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  1. #11
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    Its interesting how the wireless element of the eTap is the thing that seems to appeal to a lot of e-waverers... Shimano better be going back to the drawing board with Di2!
    "Training is also a battle" - Kim Jong-Un

  2. #12
    Senior Member coolboarder's Avatar
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    Quote Originally Posted by Lataxe View Post
    I arranged the cogs to start with a proper top gear - 14-15-16-17-18-19-20-21-25-28-32.
    Presumably you have cannibalised cassettes or bought individual sprockets then?

    PS to this just found this multi-choice Miche cassette so eat my words.


    Quote Originally Posted by Lataxe View Post
    There are endless web pages devoted to the theory and test results of modern bicycle tyre design and the reasons/evidence showing that wider with less pressure is, up to a certain point, more efficient than narrower with more pressure, all other tings being equal.
    The key phrase is 'up to a certain point'. Narrow = more aerodynamic; wide = larger air pocket so can be run at lower pressure which in turn = lower rolling resistance and hysteresis loss with the bonus of being more comfortable. The fit of the tyre to the rim is also aerodynamically significant and some slightly wider tyres on a wider rim can be more aerodynamic that a narrower tyre that is not matched to the rim. Go too wide however and lower the pressure too much and increased friction comes into play as well. Add into the equation that us racing snakes can run a 23 mm tyre at 80-90 psi without fear of pinch flats whereas lard arses need more pressure and there is a huge melting pot of compromise and no one-size-fits-all.

    As said, I cannot foresee a situation where anything over 28 mm even for a heavier rider can ever be 'super efficient' even with perfectly matched tyre/rim aero combinations. But we are talking about racing/riding fast here, not pottering around at 12 mph on a touring bike laden with luggage.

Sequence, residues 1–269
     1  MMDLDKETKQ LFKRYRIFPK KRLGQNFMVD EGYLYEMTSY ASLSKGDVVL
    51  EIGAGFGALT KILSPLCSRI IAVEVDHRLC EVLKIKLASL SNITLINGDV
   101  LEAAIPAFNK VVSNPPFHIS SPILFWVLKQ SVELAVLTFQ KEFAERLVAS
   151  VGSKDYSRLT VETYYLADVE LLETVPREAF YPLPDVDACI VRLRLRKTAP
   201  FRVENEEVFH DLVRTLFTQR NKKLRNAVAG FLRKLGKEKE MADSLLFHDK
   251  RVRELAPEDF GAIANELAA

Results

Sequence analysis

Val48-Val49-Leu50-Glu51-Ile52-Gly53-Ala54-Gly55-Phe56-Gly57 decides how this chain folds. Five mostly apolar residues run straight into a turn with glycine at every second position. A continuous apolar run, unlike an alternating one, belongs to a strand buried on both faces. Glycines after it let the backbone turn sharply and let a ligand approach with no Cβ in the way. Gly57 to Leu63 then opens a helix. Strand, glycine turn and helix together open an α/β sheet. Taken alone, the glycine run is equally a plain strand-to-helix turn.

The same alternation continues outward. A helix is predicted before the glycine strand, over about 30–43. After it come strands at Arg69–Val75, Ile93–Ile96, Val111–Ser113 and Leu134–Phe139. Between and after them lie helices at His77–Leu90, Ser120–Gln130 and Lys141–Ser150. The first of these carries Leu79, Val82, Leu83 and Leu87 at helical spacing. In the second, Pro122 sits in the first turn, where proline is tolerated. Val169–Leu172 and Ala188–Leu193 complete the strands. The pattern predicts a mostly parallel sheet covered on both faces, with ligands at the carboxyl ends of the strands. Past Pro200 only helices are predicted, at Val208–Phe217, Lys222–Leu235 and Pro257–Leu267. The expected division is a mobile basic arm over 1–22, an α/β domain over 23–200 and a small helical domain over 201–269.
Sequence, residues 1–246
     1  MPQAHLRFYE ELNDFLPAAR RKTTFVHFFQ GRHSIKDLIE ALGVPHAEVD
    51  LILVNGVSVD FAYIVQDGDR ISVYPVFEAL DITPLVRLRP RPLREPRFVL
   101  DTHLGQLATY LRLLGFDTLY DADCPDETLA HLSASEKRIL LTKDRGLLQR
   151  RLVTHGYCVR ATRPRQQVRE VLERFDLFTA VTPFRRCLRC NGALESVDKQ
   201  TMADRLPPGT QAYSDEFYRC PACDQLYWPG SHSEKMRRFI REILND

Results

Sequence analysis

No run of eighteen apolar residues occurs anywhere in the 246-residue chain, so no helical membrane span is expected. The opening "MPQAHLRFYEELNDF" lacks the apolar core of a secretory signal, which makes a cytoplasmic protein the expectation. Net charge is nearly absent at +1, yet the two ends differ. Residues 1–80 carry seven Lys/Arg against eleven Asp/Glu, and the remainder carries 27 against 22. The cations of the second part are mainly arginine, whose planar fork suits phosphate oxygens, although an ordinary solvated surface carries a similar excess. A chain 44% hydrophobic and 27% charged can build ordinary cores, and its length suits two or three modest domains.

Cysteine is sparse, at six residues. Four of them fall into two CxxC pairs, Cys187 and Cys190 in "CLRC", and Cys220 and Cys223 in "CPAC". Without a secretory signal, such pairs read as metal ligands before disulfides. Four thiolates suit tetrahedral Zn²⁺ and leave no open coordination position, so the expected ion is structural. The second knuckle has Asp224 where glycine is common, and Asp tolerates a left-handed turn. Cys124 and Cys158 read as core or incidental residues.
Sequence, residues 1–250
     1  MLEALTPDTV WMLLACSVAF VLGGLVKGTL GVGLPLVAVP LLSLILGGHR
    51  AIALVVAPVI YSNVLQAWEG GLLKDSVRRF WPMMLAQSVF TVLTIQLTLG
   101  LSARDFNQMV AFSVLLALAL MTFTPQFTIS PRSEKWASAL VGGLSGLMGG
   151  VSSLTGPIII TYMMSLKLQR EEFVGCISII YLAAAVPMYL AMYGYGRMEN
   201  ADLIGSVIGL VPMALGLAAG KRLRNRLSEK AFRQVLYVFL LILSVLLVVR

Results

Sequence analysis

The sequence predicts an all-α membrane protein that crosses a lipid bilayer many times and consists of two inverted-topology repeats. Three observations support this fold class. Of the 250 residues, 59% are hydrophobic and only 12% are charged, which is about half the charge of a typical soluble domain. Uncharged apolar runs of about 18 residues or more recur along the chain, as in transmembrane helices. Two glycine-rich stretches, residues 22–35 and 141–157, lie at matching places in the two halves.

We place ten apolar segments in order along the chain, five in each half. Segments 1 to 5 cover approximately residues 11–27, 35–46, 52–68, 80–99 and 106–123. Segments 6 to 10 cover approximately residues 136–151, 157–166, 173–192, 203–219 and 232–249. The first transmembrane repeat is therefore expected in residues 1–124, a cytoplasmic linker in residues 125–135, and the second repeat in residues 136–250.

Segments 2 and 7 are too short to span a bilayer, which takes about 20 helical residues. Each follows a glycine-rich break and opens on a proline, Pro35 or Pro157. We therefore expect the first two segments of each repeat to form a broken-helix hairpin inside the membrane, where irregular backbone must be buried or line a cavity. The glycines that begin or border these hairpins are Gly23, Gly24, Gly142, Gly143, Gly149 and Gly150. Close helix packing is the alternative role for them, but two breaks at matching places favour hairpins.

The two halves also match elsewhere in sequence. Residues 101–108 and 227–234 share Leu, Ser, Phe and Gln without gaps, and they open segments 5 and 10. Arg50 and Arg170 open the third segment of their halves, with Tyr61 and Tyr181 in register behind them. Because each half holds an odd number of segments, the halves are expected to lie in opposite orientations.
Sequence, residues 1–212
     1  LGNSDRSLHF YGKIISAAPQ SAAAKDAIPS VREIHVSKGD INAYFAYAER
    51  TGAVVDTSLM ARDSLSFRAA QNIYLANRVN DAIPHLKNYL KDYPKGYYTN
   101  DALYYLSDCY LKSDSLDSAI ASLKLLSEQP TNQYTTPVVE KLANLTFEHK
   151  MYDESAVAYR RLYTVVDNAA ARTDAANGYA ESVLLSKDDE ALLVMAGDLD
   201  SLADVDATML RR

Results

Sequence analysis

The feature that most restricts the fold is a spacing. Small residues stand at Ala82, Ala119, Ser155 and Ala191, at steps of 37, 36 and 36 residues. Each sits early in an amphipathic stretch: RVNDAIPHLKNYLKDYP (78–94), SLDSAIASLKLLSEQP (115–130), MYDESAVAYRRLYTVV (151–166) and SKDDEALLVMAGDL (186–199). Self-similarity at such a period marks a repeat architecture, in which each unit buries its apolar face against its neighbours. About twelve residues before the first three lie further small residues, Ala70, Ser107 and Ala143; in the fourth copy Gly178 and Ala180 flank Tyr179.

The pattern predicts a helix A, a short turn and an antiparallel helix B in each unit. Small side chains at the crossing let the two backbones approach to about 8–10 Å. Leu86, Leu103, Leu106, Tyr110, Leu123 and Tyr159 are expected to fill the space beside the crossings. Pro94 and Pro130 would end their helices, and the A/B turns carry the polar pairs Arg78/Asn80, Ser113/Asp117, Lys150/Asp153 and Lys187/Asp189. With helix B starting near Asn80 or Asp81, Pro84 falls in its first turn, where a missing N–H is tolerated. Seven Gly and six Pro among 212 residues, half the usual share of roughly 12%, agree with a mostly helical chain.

Last edited by coolboarder; 30th December 2016 at 1:45 PM. Reason: additional text
    It doesn't matter how many times you fall down, its how times many you get back up that count.

  3. #13
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    Quote Originally Posted by Gasper View Post
    I am not an "early adopter" of the latest technology, I like to let others test it first and iron out the niggles for a few years. Then prices fall, and I may buy in if other people like it in the real world. So with wireless gear changing, the latest versions may be lighter, cheaper and more reliable and finally worth trying.
    Gasper, old caution,

    That is a wise attitood. Although I too tend to put off the decision-making for ever-so-long (in the hope that the "need" for it goes away) I did fall for the current disc brake price scam. Putting these on the winter Domane cost nearly 400, what with the new STI levers, callipers, 11-speed cassettes and rear changer (no 9-speed STI Hydro levers available). If one looks at MTB equivalents they are tens rather than hundreds of pounds. A swizz, I tellee!

    Lataxe, a sucker not given an even break, even by Rose (least expensive for the aforementioned bits, even after the Brexit pound-plunge).

  4. #14
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    Quote Originally Posted by PRSboy View Post
    Its interesting how the wireless element of the eTap is the thing that seems to appeal to a lot of e-waverers... Shimano better be going back to the drawing board with Di2!
    Yes, that's a large part of the appeal. The other attraction is the small and swappable batteries that can also be sensibly carried as a spare in the tool-bottle.

    Personally I don't want internal wires or cables as they seem to cause endless routing and noise problems, yet many modern frames insist on these infernal internals because "it looks neater". I am not the neat fetishist myself; and prefer functionality to looks, if there's a contention atween the two.

    I am wary of being hostage to the fortune of the electronics, though. I've never had a problem fixing an errant mechanical gear out on the road (not that they become errant too often). The electronics are in a black box, though. ..... I suppose that they may nevertheless be reliable and, if so, I'll eventually fall for them.

    Lataxe, digging about for ebay fodder to reduce the bill.

  5. #15
    Senior Member coolboarder's Avatar
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    Quote Originally Posted by PRSboy View Post
    Its interesting how the wireless element of the eTap is the thing that seems to appeal to a lot of e-waverers... Shimano better be going back to the drawing board with Di2!
    I wonder how they will react when it comes to FSA's new hybrid electronic system: half and half wired/wireless with one external battery mounted on the front mech.